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Friday, May 17, 2013

USA vs. Eurozone: How Many Differences Can You Spot Between These Two Pictures?

How many differences can you spot between these two pictures?

George Soros and Hans-Werner Sinn have been at each other again at Project Syndicate (see my previous two posts on this debate).

While Soros pleads for debt mutualization in the form of Eurobonds as a necessary (but possibly insufficient) condition for Eurozone stability, Sinn reiterates that this is not legally possible under German law nor corresponds with Germany's original intentions in agreeing to the Maastricht Treaty.

I just want to briefly mention a different point Sinn brings up in which he betrays a serious gap in his knowledge of American history and that country's experience with its currency union (otherwise known as the US Dollar, the longest running successful currency zone in history). The first US Treasury Secretary, Alexander Hamilton, mutualized the 13 state debts left over from the Revolutionary War and established the US National Debt based on centrally levied tariffs and a whiskey tax. Many observers have argued that the Eurozone must also go through its "Hamilton moment" before it can graduate to a fully functioning currency zone.

Sinn claims, in contrast, that

George Soros underestimates the risks that debt mutualisation would pose for the future of the eurozone. When Alexander Hamilton, the first US finance minister, mutualised state debts in 1791, he thought this would cement the new American nation. But the mutualisation of debt gave rise to huge moral hazard effects, inducing the states to borrow excessively. A credit bubble emerged that burst in 1838 and drove most of the US states into bankruptcy. Nothing but animosity and strife resulted.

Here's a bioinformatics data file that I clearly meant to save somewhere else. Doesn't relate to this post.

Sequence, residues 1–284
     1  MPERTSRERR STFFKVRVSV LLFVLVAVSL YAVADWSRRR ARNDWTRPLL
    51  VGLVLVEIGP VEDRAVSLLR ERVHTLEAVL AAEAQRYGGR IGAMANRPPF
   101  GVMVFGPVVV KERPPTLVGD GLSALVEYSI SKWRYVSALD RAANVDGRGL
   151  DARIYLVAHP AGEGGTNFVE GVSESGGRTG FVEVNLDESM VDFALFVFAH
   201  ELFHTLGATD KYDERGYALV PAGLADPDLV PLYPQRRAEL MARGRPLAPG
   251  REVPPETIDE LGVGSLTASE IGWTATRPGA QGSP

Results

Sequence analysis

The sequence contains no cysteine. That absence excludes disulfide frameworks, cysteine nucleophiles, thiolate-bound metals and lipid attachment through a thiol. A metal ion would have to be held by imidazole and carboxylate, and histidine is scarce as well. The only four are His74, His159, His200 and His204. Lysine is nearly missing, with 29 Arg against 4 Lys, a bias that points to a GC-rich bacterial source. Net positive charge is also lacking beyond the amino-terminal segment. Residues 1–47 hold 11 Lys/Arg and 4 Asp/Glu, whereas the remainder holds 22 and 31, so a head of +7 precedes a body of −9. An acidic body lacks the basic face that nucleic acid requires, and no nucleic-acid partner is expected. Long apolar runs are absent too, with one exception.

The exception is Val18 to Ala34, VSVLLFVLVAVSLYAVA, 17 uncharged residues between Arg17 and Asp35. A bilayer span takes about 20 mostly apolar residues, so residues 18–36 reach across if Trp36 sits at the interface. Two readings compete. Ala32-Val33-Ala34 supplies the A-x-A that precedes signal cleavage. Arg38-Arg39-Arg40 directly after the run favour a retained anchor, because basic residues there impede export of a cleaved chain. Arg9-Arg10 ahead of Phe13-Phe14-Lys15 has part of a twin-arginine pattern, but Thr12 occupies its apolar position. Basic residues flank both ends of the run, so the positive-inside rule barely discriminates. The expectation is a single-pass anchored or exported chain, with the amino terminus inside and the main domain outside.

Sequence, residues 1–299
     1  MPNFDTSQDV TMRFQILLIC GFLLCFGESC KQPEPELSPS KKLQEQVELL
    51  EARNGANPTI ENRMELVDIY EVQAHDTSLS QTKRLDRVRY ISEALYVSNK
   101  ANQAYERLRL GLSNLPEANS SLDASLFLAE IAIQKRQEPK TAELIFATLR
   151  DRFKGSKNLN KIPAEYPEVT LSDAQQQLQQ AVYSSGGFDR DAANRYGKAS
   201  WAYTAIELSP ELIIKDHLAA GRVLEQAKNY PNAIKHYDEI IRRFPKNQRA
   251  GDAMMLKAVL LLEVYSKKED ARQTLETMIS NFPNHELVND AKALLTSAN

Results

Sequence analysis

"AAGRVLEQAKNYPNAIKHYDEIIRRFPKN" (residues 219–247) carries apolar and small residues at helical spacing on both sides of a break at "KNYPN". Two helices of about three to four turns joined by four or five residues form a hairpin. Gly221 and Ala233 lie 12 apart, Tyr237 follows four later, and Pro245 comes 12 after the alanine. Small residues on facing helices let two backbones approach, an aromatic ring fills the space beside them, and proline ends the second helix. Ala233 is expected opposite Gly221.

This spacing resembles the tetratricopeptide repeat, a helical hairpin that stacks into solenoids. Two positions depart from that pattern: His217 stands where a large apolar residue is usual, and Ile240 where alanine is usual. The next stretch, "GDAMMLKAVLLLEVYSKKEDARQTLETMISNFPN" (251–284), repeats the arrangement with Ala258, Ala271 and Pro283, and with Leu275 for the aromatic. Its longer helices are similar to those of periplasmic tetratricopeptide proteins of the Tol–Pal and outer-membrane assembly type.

This is a very curious statement, since the US currency zone, when I last looked (and the Republicans hadn't played chicken again with the debt ceiling, their symbolic legislative blackmail weapon), was still going strong after over two hundred years, its creditworthiness still intact, and no Federal state now has a debt burden over 19% of its GDP. 75% of US public debt is Federal, not state, supported by a 19% central government revenue rate on GDP. In the Eurozone, less than 1% of GDP is collected by Brussels as taxes, and there is no central sovereign debt (except for a minor amount issued by the European Investment Bank) but 17 national sovereign debts (not counting the EU countries not using the Euro). In other word, the US is a model of a functioning currency union, while the EU is still stuck in a time warp around 1791. Have "most US states" ever been driven into bankruptcy, and has this been a source of "nothing but animosity and strife"?

A good source of data on US state defaults is at LearnBonds. The first state defaults were in 1841 (9 in all, not "most states", and not 1838), 50 years after Hamilton created the National Debt (the Euro should live so long!), the last in 1933. There was also a wave of six defaults of defeated Southern states after the Civil War in 1870. That's it. Nothing like Sinn's "animosity and strife" (the Civil War was not fought about the 1841 default wave, by which time the problems had already long been repaired). So we are really only talking about the default wave of 1841.

A good paper on this episode is "Debt, Default, and Revenue Structure: The American State Debt Crisis in the Early 1840s". The authors conclude that